But as cuddly and adorable as Griz 399 and her cubs appear, they are not domesticated animals. Grand Teton and its neighboring Yellowstone National Park are not zoos by any stretch of the imagination. These parks are home to wild animals that can attack if provoked. Park officials remind wildlife watchers to keep a safe distance of 100 yards or more, watch animals from the safety of a vehicle, and use binoculars to view animals from far away. Never approach wildlife.
Grizzly bears can be dangerous if people get too close for comfort. That’s what happened in 2007, when Dennis Van Denbos unknowingly walked into Griz 399’s space during an early morning outing at the Jackson Lake Lodge. The bear charged at Van Denbos. He hit the deck and suffered several bites from 399 and her three yearling cubs before people intervened.
“They’re just going to eat me,” Van Denbos thought. “There’s nothing I could do. There’s no way I could fight off four grizzlies.”
In this episode of Out and Back, Van Denbos gives a blow-by-blow account of the encounter. Though his injuries took months to heal, he explains that he felt no animosity for the mother bear and was relieved that wildlife officials spared her life following the attack.
Montana based journalist Todd Wilkinson says this decision to let Griz 399 and her cubs live proved to be a pivotal moment in grizzly bear recovery in the Greater Yellowstone ecosystem. Since then, Griz 399 has expanded her ever-growing family tree, producing multiple sets of healthy and vibrant cubs.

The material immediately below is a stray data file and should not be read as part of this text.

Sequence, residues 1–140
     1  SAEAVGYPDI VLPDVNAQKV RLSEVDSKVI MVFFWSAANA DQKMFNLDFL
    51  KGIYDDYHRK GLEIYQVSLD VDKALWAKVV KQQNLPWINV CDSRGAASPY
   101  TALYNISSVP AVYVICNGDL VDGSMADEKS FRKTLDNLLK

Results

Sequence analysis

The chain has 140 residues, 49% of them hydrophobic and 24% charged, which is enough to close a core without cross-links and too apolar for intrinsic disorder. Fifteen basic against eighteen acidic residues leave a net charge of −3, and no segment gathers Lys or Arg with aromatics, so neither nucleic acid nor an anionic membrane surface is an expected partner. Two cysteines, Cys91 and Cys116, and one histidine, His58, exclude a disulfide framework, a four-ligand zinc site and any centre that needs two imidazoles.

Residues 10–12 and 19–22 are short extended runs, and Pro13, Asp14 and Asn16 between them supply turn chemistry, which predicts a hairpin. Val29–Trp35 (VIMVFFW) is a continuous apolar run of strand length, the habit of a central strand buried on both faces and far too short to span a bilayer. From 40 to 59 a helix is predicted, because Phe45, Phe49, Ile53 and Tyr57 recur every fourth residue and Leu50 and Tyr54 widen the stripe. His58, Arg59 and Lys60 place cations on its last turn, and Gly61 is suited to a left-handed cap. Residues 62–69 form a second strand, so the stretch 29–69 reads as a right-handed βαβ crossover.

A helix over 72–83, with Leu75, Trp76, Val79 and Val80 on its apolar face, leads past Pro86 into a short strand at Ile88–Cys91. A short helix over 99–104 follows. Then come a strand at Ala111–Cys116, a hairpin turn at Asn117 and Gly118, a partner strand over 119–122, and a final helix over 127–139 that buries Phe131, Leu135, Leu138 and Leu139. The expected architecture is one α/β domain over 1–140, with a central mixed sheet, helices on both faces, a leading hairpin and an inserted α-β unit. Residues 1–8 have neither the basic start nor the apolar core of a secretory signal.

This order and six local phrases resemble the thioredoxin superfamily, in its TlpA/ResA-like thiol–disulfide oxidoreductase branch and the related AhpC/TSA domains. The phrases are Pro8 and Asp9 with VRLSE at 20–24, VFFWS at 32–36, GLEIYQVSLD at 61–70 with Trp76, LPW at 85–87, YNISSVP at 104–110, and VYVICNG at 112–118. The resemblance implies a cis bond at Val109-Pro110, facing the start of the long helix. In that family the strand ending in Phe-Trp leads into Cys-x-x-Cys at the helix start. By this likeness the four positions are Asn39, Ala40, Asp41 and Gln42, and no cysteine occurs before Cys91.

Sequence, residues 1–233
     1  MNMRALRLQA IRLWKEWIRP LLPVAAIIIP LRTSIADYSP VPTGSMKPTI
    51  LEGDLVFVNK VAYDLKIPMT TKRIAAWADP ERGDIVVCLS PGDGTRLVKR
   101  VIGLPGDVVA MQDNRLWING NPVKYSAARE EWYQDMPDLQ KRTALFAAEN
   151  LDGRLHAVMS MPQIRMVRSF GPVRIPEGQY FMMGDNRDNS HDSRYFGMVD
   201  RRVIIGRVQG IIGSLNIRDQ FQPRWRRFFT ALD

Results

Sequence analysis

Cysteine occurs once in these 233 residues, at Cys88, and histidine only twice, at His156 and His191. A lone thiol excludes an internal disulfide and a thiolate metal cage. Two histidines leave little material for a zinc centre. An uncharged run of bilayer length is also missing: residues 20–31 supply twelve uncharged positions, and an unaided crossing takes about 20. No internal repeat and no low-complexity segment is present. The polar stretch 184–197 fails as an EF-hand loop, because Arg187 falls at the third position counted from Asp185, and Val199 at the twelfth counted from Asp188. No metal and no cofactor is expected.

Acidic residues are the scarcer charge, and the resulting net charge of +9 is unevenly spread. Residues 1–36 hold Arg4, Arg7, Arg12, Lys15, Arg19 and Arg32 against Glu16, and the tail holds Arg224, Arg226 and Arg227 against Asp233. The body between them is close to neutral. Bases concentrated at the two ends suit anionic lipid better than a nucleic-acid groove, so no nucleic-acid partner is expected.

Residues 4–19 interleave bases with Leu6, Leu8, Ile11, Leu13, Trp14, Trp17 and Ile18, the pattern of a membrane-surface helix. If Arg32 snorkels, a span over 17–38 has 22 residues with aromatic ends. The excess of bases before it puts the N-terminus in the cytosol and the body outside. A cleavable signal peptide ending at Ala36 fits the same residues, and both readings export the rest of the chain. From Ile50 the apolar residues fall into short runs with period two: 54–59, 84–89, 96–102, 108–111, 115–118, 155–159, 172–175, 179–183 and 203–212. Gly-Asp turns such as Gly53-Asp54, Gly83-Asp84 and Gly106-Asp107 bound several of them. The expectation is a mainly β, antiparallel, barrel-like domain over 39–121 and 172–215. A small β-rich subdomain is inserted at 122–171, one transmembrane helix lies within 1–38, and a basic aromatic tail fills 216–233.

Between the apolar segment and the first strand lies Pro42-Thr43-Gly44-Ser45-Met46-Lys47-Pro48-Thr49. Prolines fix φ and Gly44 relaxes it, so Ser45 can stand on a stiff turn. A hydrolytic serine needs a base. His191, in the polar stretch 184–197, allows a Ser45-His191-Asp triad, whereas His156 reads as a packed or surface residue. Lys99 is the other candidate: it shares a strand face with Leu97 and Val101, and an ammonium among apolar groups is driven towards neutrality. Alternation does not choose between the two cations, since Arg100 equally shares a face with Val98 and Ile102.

“She’s been this amazingly fertile bear, and the cub production comes from a mother that’s getting good nutrition,” Wilkinson told us in 2020. “The number that’s been used is seven litters, including three sets of triplets, plus one quadruplet.”
At 27 years old, Griz 399 has become a grandmother bear many times over. Everyone was surprised when she woke from hibernation in 2020 with four cubs — a highly unusual event in bear reproduction. Now that she’s long in the tooth, her fans are wondering how long she’ll live.
Don’t miss this episode as Wilkinson and Mangelsen discuss the many dangers grizzly bears face in the lower 48. They dive into Griz 399’s ability to adapt, crediting her intelligence for her long life and survival against the odds. Tune in to hear the details of why Griz 399 sticks so close to the road, what kind of mother she has become, and how you may or may not see this famous bruin if you visit the park.
Learn more about Griz 399 by visiting her Instagram page. Read her Wikipedia page and Mangelsen and Wilkinson’s glossy-paged book: Grizzlies of Pilgrim Creek. See Mangelsen’s photography by visiting his gallery in Jackson, Wyoming, or follow him on Instagram. Read Wilkinson’s non-profit Mountain Journal to discover public interest issues facing the Greater Yellowstone ecosystem and for a greater understanding of the inter-relationships between people and nature in the American West. Follow Maureen’s beautiful wildlife and landscape photography on Instagram.